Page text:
Saturday, January 19, 2008

Now what?

Well, South Carolina proved something I wished was not true. The American electorate, even hard core Republicans, prefer sizzle to steak. John McCain and Mike Huckabee, who came in first and second in the Palmetto State respectively, can not remotely be considered conservative. The criticisms of Fred sound ridiculous and hollow, most of all the one that his heart wasn't in it. That he didn't really want it. How could Fred Thompson prove to those people that he wanted it? By standing on his head or holding his breath? I guess Fred's big mistake was overestimating how discerning the voters would be. He assumed that a candidate's track record should speak louder than his words. He assumed that being on the right side of the issues more often than his opponents would mean something. He was wrong. Huckabee proves that you can be very successful by offering voters a helping of cotton candy. It looks good and tastes good, but in the end it's certainly not very good for you.

Oh well. I've said it before and I'll say it again: no hay mal que por bien no venga (there is not bad from which good doesn't come). If it hadn't been for Jimmy Carter, there more than likely would not have been Ronald Reagan. If not for Clinton, we more than likely would not have had the Republican Revolution in 1994. In politics just like in the natural world, for every action there is an equal and opposite reaction.

If Fred were to drop out before the Florida primary on the 29th, which looks likely, than my list of preference looks like this:

1. Mitt Romney
2. Rudy Giuliani
3. John McCain


Srcohiba said...

Like I had said last summer after talking to big time insiders and long time capaigners ... FT waited too late and has run a lousy campaign.

It's too bad really. Maybe he'll get a veep slot. He would be good to get the hard core conservatives.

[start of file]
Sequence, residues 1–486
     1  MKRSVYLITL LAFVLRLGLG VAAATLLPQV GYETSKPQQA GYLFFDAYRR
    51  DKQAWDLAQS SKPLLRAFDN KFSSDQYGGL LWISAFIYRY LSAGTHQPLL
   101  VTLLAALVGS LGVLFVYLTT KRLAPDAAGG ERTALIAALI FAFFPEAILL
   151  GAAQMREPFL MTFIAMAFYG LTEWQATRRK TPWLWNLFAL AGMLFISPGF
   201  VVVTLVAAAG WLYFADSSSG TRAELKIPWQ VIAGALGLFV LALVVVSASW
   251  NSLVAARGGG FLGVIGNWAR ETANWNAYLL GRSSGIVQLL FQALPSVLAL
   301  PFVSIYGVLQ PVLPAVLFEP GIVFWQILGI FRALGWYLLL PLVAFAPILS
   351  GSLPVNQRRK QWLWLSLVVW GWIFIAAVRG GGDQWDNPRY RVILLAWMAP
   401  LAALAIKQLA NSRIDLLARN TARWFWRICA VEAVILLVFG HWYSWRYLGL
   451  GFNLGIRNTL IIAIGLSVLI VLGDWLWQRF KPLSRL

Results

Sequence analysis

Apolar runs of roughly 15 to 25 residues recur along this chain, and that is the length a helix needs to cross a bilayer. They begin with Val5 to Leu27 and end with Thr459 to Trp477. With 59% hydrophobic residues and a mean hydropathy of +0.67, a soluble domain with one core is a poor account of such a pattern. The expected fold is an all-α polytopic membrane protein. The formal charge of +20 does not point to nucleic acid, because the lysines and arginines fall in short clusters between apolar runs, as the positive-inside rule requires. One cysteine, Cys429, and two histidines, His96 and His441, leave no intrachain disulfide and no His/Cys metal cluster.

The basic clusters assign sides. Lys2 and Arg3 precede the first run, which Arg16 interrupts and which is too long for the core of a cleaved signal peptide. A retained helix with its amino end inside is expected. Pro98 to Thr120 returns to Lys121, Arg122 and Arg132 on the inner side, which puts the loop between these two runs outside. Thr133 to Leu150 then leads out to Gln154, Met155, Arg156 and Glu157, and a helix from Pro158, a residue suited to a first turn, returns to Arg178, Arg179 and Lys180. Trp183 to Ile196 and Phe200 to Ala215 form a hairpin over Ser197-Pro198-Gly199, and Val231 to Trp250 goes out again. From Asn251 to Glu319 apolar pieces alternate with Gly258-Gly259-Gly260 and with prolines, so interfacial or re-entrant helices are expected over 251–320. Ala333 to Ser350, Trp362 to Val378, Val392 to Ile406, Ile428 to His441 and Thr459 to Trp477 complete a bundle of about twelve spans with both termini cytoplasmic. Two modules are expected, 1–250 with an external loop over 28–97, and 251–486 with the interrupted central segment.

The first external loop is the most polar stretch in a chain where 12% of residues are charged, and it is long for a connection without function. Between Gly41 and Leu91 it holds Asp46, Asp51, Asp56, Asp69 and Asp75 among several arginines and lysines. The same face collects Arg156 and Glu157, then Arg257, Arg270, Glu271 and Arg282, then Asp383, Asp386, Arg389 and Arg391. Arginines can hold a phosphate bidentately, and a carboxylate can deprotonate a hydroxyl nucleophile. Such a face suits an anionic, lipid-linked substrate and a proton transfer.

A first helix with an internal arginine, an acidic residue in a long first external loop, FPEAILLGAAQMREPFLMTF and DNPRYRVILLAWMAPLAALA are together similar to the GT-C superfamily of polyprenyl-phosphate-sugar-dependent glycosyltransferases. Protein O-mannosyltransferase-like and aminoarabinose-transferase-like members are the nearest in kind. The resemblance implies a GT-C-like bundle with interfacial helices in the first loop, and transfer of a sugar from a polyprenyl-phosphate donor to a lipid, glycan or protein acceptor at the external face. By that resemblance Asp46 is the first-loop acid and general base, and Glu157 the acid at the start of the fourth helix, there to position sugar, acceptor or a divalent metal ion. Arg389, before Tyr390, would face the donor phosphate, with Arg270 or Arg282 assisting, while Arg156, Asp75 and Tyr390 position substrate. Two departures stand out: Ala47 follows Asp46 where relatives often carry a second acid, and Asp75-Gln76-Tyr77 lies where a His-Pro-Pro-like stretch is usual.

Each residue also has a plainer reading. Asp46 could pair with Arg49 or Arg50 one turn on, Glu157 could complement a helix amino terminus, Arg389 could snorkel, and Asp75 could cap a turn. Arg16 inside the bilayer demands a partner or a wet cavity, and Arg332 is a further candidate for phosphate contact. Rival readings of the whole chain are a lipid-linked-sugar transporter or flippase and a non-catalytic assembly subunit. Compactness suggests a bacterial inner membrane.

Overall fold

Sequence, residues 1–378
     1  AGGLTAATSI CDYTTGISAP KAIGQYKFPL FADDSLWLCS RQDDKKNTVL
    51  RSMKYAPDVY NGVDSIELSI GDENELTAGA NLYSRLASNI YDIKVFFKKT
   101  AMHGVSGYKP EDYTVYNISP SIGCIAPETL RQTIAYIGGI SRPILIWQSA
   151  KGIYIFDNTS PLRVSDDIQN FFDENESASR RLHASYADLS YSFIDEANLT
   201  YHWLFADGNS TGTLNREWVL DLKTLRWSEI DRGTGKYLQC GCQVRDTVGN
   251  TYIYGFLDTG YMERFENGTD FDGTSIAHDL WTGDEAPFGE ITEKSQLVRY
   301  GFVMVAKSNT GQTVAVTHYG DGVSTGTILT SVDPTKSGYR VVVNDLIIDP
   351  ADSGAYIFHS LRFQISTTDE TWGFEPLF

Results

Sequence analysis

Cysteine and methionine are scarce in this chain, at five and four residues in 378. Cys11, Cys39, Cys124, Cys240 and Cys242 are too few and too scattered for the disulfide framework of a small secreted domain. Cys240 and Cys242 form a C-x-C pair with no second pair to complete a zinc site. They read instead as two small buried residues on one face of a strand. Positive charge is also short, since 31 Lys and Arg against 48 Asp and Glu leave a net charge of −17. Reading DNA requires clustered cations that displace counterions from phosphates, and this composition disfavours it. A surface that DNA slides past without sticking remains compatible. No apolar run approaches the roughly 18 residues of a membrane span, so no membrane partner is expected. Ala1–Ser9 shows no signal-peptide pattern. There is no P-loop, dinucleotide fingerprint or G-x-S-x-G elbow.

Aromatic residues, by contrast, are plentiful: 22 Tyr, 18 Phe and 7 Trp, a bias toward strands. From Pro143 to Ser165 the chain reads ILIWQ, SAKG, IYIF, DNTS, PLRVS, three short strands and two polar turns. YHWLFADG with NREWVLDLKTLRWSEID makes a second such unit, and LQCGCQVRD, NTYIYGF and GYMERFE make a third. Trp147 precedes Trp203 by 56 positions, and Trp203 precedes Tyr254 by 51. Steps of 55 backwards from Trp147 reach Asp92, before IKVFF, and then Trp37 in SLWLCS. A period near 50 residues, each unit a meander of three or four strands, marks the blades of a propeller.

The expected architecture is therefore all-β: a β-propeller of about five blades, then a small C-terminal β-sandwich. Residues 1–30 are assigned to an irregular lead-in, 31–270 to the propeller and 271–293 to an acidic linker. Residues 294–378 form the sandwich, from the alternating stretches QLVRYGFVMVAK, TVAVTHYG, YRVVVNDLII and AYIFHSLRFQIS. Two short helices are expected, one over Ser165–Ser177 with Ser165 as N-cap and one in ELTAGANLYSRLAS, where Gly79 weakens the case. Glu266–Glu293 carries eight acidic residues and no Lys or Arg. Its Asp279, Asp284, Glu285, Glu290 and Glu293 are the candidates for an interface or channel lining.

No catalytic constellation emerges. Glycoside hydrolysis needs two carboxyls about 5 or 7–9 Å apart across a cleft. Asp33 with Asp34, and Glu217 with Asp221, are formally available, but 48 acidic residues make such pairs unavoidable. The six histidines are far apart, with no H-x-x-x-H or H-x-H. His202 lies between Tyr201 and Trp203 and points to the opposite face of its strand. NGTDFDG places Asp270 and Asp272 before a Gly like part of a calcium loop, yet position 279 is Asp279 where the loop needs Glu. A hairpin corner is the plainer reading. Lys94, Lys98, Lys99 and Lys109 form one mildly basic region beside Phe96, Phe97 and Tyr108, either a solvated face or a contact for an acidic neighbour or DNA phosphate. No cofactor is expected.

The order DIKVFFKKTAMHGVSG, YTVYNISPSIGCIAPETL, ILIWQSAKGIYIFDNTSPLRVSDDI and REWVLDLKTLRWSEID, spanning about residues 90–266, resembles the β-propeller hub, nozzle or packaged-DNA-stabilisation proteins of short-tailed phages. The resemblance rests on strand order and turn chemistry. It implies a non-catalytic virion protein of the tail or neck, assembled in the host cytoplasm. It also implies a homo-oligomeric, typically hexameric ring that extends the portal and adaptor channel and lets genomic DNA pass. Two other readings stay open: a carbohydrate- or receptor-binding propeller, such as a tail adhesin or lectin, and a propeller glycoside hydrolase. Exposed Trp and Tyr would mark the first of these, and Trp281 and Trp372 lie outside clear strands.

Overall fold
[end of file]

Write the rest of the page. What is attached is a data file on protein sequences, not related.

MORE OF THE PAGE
As for me, Romney's too slick and from Mass. Huck? Forget it.

I still like Rudy but his campaign is going nowhere. Hence I have to go with McCain in the primary.

Heck, Arizona is my favorite state ....

Robert said...

Indeed Henry. The only thing I wish Fred would have done differently was to add more fire to his campaign. To use your metaphors, add some real sizzle to the big steak. That's what was missing from Fred's campaign. Alas, but you can bet Fred will still be a factor in at least some way, if not as VP.

My order would be Romney first, followed by McCain and Giuliani.

Alex said...

Thompson banked on starting his campaign late, after the other prospects had pummeled each other. He had good buzz earlier because of that strategy, but failed to capitalize on it.

I don't like the "sizzle over steak" either. But those are the times we live in. A prospective nominee HAS to sell himself. That's just it. (That's also why I don't fool myself with thoughts of a Richardson nomination). Thompson obviously thought he was too good for it and let Huckabee steal his thunder. He'll drop out soon.

Then it gets interesting. Neither the Dems or the Reps have a perfect candidate in the conventional sense. The front runners (McCain, Romney, Hillary and Obama) all have defined constituencies that don't necessarily overlap. For example, if you read some of the main grassroots Democrat sites, you'll see anguish over Hillary comparable with the scorn she draws among conservatives. Will the voters go for party loyalty regardless of the candidate? It's going to be a thrilling ride.